Sociology: Globalization, neoliberalism, economic sociology, Eastern Europe, socialism and postsocialism, gentrification, Washington, DC
Professor Bockman works in economic sociology, urban sociology, sociology of globalization, and East European Studies. Her book Markets in the Name of Socialism: The Left-Wing Origins of Neoliberalism was published by Stanford University Press and was recently translated into Korean. In her research, Bockman uses comparative and historical methods, moving beyond studies of nation states to explorations of transnational trends, such as neoliberalism and the non-aligned movement.
She is currently writing a book on public housing in Washington, DC, tentatively titled Just One Block: Race, Radical Politics, and Revanchism in Washington, DC. This project explores globalization, neoliberalism, and gentrification in southeast DC. She reports on this project on her blog Sociology in My Neighborhood: DC Ward 6. She teaches urban sociology and is a founding member of the Cities and Globalization Working Group.
Next year, Bockman will return to her project on the 1980s debt crisis from the perspectives of the second and non-aligned worlds. This reexamination integrates the New International Economic Order (NIEO), the UN Conference on Trade and Development (UNCTAD), Yugoslav economic advising in South America (Chile and Peru in particular), and the socialist origins of today's economic globalization. Her article "Socialist Globalization against Capitalist Neocolonialism: The Economic Ideas behind the New International Economic Order" published in the journal Humanity (Spring 2015) is part of this project.
To fund research and writing, Bockman has received fellowships and grants from various institutions, including the American Council of Learned Societies (ACLS), Harvard University’s Davis Center for Russian and Eurasian Studies, the International Research and Exchanges Board (IREX), the Library of Congress’ John W. Kluge Center, Mason’s Center for Global Studies, National Endowment for the Humanities (NEH), and Woodrow Wilson International Center for Scholars.
She is the 2014-2016 president of the DC Sociological Society.
“Structural Adjustment,” Forthcoming in Wiley-Blackwell Encyclopedia of Sociology.
"Socialist Globalization against Capitalist Neocolonialism: The Economic Ideas behind the New International Economic Order," Humanity 6(1)(Spring 2015): 109-128.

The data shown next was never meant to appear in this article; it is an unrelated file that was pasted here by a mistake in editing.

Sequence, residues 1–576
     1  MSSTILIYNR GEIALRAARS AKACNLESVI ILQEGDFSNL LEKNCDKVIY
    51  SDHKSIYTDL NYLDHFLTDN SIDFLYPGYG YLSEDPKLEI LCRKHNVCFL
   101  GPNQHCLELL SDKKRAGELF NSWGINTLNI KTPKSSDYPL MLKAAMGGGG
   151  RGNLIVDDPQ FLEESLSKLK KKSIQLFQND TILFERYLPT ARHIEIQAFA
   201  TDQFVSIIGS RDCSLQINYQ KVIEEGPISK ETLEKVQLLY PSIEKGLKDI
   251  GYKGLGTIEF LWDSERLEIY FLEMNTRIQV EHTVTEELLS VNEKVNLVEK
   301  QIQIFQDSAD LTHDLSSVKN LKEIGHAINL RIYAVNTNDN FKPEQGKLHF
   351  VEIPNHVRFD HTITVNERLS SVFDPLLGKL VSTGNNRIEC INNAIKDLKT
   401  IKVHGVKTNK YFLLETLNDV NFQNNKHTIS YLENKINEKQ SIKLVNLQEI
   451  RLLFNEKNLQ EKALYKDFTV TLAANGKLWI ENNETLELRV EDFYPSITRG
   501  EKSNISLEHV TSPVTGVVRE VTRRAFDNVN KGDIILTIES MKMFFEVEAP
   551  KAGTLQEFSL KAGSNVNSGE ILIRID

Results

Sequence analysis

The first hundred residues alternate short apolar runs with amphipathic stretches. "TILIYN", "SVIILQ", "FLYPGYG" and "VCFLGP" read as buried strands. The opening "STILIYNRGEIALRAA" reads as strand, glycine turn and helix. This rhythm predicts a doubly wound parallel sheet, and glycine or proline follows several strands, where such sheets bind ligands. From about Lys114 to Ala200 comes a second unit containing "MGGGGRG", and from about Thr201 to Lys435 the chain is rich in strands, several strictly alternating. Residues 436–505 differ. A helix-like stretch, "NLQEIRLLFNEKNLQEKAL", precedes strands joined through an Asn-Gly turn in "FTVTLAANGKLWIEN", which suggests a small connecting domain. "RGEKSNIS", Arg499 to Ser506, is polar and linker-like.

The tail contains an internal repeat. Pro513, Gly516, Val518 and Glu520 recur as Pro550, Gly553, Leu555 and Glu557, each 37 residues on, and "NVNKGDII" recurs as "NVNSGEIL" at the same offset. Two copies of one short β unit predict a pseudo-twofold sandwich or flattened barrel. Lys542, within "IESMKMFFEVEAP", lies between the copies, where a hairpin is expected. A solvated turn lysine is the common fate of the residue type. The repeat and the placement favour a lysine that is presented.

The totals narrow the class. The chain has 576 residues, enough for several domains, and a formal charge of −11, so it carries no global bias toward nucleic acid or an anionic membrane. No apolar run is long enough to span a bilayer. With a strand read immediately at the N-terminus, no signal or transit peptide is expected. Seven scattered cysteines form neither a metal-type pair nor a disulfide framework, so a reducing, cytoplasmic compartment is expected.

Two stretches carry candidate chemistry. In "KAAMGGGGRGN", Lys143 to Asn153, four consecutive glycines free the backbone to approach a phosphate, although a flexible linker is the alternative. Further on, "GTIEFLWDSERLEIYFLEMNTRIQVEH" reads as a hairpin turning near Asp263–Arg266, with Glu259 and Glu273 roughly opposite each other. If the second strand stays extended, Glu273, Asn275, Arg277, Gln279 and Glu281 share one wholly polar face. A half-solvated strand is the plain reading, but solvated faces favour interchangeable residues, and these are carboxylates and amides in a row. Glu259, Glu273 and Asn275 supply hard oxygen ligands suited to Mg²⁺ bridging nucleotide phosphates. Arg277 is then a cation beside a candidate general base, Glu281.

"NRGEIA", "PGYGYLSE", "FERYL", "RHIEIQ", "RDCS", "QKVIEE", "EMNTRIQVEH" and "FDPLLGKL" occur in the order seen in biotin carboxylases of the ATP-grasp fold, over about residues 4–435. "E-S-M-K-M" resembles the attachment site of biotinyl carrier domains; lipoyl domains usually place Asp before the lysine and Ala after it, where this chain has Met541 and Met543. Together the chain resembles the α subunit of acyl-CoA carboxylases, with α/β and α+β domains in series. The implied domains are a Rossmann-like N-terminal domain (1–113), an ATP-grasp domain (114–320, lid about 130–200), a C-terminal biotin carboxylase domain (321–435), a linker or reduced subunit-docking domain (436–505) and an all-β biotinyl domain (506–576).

"Neoliberalism," Contexts 12(3)(2013): 14-15.
"The Long Road to 1989: Neoclassical Economics, Alternative Socialisms, and the Advent of Neoliberalism," Radical History Review 2012(112): 9-42.
"Scientific Community in a Divided World: Economists, Planning, and Research Priority during the Cold War," Comparative Studies in Society and History 50 (July 2008): 581-613. Co-authored with Michael Bernstein.
"The Origins of Neoliberalism between Soviet Socialism and Western Capitalism: 'A galaxy without borders,"' Theory and Society 36(4) (2007): 343-371.
"Eastern Europe as a Laboratory for Economic Knowledge: The Transnational Roots of Neo-Liberalism," American Journal of Sociology 108 (2002): 310-352. Co-authored with Gil Eyal.
“Structural Equation Model of Customer Satisfaction for the New York City Subway System.” Transportation Research Record 1735 (2000): 133-137. Co-authored with Kenneth Stuart and Mark Mednick.
Her book Markets in the Name of Socialism: The Left-Wing Origins of Neoliberalism was published by Stanford University Press. Korean translation by Geulhangari Press, Spring 2015. Reviews of Markets in the Name of Socialism:
SOCI 320 - Social Structure and Globalization: Globalization in My Neighborhood
SOCI 320 - Social Structure and Globalization: Socialist and Capitalist Globalizations
SOCI 332 - The Urban World
SOCI 712 - Contemporary Sociological Theory
SOCI 804 - Sociology of Globalization
SOCI 853 - Cities in a Global Society
DC Sociological Society Annual Presidential Address, "Sociology in DC, Sociology of DC: Studying Gentrification," September 4, 2014.